Colleen asked in the comments why I scheduled the Symposium to conflict with Rosh Hashanah. Not on purpose, but not completely unaware either. We had to schedule around other events at Plimoth, staying aware of (and avoiding) high visitation periods, and try to take advantage of hotel availability. We also tried hard to avoid known needlework events at other museums. Plus early autumn is a very pleasant time of year to visit Plymouth. I know we’re going to lose potential attendees because of the holiday and because we’re scheduled opposite a conference on furnishing fabrics at (I think) Colonial Williamsburg that same weekend. Sorry. ETA: The dates have been changed. The Symposium no longer conflicts with Rosh Hashanah. Please note the NEW dates are 24-27 September. jmh

Slate Frames

July 13th, 2008 by Tricia

Ahem. I owe an apology; Tricia sent me this information to post way back in February and I don’t think I ever did post it. I was looking for something else in my emails and found it. As a poor defense, the cover note mentioned that her sons had just come down with what my son was just getting over – a virus with high fever – and I must have still been boggled. I included a photo of Tammy working on the forehead cloth; it clearly shows the slate frame. Tammy was here about the same time Tricia sent this note; it was one of the snow-shortened sessions. Seems a long time ago now. I haven’t heard anyone say with certainty that they know the reason they’re called slate frames, by the way. Anyway, Tricia wrote:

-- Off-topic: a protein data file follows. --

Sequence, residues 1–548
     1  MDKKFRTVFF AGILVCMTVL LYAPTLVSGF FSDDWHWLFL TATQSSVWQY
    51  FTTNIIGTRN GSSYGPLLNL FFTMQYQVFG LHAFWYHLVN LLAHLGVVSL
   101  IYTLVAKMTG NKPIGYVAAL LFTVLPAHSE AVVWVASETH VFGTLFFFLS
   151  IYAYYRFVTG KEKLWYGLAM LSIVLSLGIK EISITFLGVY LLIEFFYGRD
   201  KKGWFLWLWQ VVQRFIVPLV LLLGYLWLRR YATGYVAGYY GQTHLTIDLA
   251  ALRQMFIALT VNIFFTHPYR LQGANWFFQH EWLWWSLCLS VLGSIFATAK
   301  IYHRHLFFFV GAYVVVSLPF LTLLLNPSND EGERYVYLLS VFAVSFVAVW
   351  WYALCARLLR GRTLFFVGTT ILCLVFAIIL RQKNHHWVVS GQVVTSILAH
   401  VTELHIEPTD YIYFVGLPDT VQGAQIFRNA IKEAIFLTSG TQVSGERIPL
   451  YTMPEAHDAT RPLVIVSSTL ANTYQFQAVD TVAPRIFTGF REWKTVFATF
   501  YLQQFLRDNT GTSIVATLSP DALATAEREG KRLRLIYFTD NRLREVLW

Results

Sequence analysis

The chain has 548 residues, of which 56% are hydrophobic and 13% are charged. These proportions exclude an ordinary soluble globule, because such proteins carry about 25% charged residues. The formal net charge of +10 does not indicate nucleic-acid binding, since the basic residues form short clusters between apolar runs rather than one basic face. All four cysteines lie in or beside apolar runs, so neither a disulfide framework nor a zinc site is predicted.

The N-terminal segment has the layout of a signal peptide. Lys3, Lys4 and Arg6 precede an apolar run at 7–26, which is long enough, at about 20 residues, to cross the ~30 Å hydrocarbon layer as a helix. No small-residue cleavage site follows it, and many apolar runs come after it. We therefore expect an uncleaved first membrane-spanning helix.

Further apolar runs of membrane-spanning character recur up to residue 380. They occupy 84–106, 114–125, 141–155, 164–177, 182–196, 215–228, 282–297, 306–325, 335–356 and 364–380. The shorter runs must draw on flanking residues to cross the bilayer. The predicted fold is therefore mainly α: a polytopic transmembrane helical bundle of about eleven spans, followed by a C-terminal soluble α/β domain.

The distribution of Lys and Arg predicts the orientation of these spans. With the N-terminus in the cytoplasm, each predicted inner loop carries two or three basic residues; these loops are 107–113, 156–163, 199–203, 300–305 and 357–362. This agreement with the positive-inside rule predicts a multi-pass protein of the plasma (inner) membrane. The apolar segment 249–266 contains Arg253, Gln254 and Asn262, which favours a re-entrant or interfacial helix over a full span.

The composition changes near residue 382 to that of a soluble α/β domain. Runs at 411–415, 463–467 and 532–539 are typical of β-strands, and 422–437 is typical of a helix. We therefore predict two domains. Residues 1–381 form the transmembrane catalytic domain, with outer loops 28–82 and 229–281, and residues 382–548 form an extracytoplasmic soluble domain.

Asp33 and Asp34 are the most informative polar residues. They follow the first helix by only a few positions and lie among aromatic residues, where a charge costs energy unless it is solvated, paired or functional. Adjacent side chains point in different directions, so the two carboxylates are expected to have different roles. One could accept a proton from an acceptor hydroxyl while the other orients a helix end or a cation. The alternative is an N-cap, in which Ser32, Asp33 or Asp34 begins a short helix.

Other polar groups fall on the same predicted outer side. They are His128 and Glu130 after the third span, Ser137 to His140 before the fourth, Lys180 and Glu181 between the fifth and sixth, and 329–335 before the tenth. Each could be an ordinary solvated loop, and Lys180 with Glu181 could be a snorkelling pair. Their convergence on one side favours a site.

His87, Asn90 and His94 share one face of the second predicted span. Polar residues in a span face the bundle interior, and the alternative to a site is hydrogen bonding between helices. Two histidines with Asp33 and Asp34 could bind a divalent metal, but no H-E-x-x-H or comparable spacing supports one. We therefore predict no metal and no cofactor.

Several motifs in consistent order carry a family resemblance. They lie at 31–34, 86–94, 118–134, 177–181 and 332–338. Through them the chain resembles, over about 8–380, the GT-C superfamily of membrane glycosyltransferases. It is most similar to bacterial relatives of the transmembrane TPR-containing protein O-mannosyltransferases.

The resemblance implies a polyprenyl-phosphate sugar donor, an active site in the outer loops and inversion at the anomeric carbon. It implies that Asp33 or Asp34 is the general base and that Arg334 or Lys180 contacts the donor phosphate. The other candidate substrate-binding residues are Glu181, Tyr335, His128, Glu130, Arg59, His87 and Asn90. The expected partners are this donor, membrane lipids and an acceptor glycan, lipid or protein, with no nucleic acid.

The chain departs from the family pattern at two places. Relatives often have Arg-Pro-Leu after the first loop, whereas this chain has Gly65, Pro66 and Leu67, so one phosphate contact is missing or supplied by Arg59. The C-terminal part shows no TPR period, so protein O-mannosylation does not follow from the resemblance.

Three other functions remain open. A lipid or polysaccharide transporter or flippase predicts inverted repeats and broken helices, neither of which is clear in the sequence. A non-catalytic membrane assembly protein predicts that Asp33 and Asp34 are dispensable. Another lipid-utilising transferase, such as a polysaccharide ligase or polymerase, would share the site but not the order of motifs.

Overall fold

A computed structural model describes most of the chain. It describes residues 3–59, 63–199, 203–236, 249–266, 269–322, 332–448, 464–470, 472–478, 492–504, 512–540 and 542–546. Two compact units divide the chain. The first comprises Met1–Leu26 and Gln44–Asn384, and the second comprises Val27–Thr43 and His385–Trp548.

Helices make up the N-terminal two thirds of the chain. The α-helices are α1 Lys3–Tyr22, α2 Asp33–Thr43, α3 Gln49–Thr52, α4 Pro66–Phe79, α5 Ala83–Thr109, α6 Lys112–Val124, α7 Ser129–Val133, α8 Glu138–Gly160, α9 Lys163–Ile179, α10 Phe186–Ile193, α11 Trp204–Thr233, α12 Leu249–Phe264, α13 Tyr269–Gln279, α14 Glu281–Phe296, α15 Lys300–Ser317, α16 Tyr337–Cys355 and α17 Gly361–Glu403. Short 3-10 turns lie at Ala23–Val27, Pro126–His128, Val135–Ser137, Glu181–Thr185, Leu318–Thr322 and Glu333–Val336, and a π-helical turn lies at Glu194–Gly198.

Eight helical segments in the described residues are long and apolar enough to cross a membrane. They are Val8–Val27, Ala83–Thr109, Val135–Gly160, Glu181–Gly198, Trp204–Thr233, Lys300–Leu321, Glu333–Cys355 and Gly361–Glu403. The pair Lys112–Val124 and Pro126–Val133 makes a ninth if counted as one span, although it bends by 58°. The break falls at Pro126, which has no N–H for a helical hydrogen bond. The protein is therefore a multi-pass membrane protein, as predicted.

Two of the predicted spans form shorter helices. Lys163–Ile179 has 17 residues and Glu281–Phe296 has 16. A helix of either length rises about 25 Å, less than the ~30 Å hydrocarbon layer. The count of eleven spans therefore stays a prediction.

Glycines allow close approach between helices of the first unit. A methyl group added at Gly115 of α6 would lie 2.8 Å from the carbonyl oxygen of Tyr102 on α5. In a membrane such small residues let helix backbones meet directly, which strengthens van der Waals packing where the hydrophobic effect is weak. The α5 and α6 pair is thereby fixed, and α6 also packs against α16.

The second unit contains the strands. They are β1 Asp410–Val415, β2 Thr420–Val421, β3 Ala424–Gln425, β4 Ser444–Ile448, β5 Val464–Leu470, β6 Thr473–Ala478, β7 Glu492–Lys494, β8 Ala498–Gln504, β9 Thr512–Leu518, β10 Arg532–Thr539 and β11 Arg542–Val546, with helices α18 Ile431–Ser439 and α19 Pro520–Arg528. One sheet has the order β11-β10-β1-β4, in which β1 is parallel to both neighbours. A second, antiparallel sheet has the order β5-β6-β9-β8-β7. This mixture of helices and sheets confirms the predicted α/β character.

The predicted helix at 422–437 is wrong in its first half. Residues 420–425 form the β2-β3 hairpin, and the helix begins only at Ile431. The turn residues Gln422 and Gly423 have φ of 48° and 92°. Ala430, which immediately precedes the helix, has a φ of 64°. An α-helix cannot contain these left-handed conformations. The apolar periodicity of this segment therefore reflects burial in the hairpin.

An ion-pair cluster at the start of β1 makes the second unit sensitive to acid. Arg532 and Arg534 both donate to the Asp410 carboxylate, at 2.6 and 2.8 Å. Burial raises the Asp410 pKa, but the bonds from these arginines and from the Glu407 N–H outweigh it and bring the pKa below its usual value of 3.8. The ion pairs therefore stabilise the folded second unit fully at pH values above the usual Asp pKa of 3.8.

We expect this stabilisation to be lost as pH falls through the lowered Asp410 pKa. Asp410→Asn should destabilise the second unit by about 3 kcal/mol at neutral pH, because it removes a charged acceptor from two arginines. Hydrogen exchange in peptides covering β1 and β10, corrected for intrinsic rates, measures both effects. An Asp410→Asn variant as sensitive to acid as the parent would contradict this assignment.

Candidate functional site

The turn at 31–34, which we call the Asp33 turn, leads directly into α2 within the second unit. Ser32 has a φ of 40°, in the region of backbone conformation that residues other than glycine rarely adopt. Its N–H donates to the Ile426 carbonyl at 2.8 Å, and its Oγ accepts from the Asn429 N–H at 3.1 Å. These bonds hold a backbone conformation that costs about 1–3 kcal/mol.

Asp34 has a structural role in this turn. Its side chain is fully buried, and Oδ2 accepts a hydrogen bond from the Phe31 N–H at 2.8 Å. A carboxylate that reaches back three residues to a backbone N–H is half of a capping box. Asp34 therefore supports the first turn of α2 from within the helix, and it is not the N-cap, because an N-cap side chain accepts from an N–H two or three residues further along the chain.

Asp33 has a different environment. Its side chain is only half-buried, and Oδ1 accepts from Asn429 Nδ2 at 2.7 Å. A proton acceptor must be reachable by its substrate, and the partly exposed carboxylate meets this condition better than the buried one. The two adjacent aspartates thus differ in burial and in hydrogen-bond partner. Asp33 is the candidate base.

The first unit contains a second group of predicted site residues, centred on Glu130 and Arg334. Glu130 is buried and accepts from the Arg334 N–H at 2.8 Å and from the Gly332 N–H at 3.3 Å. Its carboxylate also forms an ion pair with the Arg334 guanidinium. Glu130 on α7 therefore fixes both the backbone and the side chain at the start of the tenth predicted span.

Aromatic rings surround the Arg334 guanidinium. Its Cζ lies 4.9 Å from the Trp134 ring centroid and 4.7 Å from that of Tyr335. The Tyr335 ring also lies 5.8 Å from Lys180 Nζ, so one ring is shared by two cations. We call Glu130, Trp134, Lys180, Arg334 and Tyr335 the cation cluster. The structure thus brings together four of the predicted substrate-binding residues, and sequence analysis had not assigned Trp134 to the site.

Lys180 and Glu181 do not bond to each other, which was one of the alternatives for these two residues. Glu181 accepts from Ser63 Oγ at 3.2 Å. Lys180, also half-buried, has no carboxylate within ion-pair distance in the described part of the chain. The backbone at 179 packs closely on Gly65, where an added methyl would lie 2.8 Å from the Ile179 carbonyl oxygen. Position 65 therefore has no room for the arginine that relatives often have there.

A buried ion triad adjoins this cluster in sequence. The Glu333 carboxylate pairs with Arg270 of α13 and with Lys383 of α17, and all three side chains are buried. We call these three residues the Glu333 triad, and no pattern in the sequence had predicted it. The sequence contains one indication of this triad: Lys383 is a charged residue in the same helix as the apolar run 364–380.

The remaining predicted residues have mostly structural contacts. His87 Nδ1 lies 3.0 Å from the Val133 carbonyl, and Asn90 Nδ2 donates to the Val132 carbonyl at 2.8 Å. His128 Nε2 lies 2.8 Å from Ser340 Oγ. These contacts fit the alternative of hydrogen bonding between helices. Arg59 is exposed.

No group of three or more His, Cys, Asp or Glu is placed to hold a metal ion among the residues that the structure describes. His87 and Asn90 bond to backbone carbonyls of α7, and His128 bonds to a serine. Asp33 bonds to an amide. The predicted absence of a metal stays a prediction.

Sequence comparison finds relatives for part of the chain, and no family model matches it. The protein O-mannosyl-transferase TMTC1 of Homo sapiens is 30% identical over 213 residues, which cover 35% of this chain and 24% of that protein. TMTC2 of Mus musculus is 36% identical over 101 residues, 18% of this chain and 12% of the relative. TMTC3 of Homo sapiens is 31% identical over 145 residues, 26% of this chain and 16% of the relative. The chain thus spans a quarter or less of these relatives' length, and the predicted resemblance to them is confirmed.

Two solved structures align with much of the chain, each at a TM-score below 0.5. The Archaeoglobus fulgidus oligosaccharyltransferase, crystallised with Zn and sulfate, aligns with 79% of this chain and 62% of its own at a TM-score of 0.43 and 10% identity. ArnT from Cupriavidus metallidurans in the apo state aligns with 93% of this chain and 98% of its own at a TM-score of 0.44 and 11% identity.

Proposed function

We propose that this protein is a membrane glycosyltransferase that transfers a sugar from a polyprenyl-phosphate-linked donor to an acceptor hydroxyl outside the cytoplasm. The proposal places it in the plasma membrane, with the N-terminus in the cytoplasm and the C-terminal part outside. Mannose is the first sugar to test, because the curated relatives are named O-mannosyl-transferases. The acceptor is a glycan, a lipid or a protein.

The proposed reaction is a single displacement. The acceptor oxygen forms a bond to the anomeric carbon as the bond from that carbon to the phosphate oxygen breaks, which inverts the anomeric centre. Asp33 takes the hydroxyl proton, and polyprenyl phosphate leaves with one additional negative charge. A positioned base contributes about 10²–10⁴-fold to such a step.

Several people have asked where to get slate frames. As we talked early in the blog, we had a great deal of trouble finding slate frames in the USA for this project. There are one or two small makers in England but they wouldn’t export to the USA and we didn’t have the budget to fly there to get them! The frames that are pictured were a really nice product line that was manufactured in Europe for Access Commodities. A combination of factors resulted in these frames coming off the market a few years ago – the rising Euro, some manufacturing problems, and a brief intro of a lower quality copy by a vendor ended up resulting in the product line being taken off the market.

Tammy working on the forehead clothAccess was great to take all the leftover on their shelves, seconds, and a list of what stores had formerly bought from them to allow me to find enough for the project. (What Tricia then did was call all the stores to see if they had anything left of their last orders. She usually leaves out the part about her tedious legwork.) We combined this with some long slats made by Plimoth staff and my entire vast personal collection (note again that STASH comes to the rescue!) and a wonderful stitcher’s stash (this generous stitcher has long-term loaned us a few essential frame parts) we found through the list from Access to complete the sizes we needed.